# Getting started

# When to shard

Before you dive into this section, please note that sharding may not be necessary for you. Sharding is only required at 2,500 guilds—at that point, Discord will not allow your bot to login without sharding. With that in mind, you should consider this when your bot is around 2,000 guilds, which should be enough time to get this working. Contrary to popular belief, sharding itself is very simple. It can be complicated depending on your bot's needs, however. If your bot is in a total of 2,000 or more servers, then please continue with this guide. Otherwise, it may be a good idea to wait until then.

# How does sharding work?

As an application grows large, a developer may find it necessary to split their process to run parallel to maximize efficiency. On a much larger scale of things, the developer might notice their process slow down, amongst other problems. Check out the official Discord documentation on the topic. (opens new window)

WARNING

This guide only explains the basics of sharding using the built-in ShardingManager, which can run shards as separate processes or threads on a single machine. If you need to scale beyond that (e.g., running shards on multiple machines/containers), you can still do it with discord.js by passing appropriate options to the Client constructor. Nevertheless, you will be on your own regarding managing shards and sharing information between them.

TIP

Apart from ShardingManager, discord.js also supports a sharding mode known as Internal sharding. Internal sharding creates multiple websocket connections from the same process, and does not require major code changes. To enable it, simply pass shards: 'auto' as ClientOptions to the Client constructor. However, internal sharding is not ideal for bigger bots due to high memory usage of the single main process and will not be further discussed in this guide.

# Sharding file

First, you'll need to have a file that you'll be launching from now on, rather than your original index.js file. It's highly recommended renaming that to bot.js and naming this new file to index.js instead. Copy & paste the following snippet into your new index.js file.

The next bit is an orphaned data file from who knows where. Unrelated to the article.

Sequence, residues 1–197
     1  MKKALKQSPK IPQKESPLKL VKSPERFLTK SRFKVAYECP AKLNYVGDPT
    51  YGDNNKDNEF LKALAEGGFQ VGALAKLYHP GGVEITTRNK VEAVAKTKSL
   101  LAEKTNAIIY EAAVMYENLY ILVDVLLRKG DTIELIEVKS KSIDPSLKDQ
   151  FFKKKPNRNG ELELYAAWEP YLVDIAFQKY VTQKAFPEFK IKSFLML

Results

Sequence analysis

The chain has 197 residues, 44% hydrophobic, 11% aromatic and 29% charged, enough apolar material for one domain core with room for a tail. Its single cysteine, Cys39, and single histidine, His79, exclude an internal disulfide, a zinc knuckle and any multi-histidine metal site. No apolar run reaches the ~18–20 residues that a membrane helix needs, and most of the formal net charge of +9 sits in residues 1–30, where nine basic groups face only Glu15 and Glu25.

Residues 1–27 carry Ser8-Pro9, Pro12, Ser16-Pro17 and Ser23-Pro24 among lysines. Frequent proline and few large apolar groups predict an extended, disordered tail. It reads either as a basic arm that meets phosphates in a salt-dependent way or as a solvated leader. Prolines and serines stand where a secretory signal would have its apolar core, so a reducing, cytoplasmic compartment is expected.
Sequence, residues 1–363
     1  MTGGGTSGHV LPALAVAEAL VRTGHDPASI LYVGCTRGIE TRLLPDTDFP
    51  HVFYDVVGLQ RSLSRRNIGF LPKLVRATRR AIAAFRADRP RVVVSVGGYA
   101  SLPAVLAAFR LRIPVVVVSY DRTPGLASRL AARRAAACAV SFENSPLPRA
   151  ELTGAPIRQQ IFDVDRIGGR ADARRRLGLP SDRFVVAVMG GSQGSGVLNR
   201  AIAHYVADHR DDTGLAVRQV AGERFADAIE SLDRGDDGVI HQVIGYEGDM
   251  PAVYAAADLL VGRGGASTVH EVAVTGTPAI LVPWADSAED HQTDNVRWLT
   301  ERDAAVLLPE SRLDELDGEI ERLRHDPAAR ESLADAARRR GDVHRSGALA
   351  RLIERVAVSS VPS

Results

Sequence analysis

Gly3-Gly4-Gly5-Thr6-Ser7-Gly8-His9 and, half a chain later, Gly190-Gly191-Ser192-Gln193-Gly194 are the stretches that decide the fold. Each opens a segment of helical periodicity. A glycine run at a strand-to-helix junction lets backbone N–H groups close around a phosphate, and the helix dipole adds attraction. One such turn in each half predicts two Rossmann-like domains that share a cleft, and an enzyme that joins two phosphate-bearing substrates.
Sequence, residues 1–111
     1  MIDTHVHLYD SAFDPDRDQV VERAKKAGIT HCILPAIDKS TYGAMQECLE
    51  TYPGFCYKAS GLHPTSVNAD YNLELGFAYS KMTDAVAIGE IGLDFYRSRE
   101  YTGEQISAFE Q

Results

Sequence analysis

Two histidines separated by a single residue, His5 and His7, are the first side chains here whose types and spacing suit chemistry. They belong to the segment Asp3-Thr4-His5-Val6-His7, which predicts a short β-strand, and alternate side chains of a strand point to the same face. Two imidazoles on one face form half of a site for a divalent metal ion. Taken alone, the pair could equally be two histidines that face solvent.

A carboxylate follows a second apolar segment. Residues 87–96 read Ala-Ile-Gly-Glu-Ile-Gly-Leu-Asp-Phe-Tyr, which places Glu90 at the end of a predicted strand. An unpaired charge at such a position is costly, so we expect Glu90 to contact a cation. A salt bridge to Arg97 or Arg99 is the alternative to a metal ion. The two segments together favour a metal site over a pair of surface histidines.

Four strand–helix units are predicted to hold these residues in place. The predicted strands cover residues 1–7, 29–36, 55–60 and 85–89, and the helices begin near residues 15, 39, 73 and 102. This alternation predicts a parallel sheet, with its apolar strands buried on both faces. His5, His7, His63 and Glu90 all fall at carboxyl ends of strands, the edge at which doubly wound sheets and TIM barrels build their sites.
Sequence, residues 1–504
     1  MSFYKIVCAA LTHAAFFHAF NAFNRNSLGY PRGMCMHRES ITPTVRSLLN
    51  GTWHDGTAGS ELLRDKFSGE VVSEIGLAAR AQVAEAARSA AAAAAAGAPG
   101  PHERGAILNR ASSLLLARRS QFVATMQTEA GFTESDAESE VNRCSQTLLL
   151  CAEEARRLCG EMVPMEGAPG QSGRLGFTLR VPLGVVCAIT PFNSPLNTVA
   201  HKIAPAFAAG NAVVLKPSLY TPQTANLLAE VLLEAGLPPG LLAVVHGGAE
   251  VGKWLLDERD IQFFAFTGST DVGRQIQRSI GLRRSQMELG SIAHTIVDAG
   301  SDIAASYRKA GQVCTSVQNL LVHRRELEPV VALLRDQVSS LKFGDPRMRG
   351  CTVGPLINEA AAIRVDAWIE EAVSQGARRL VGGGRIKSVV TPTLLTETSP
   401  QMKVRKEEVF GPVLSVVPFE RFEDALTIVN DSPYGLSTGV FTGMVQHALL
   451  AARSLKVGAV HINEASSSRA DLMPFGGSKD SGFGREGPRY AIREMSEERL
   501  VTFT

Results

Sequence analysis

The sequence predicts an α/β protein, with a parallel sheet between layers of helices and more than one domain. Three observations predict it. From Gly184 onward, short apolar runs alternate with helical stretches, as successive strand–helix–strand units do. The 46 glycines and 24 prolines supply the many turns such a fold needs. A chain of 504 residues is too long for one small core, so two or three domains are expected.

const { ShardingManager } = require('discord.js');
const manager = new ShardingManager('./bot.js', { token: 'your-token-goes-here' });

manager.on('launch', shard => console.log(`Launched shard ${shard.id}`));
manager.spawn();
const { ShardingManager } = require('discord.js');
const manager = new ShardingManager('./bot.js', { token: 'your-token-goes-here' });

manager.on('shardCreate', shard => console.log(`Launched shard ${shard.id}`));
manager.spawn();

The above code utilizes the discord.js sharding manager to spawn the recommended amount of shards for your bot. The recommended amount should be approximately 1,000 guilds per shard. Note that you have to attach the event listener to shardCreate before calling .spawn() to prevent a race condition possibly preventing shard 0 from logging the successful launch. Even though you provide the token here, you will still need to send it over to the main bot file in client.login(), so don't forget to do that.

TIP

You can find the methods available for the ShardingManager class here (opens new window). Though, you may not be making much use of this section, unlike the next feature we will explore, which you may learn about by clicking this link.

# Getting started

You will most likely have to change some code to get your newly sharded bot to work. If your bot is very basic, then you're in luck! We assume you probably have some form of a stats command, by which you can quickly view your bot's statistics, such as its server count. We will use it as an example that needs to adapt to running with shards.

In this code, you likely have the snippet client.guilds.sizeclient.guilds.cache.size, which counts the number of cached guilds attached to that client. Since sharding will launch multiple processes, each process (each shard) will now have its subset collection of guilds it is responsible for. This means that your original code will not function as you might expect.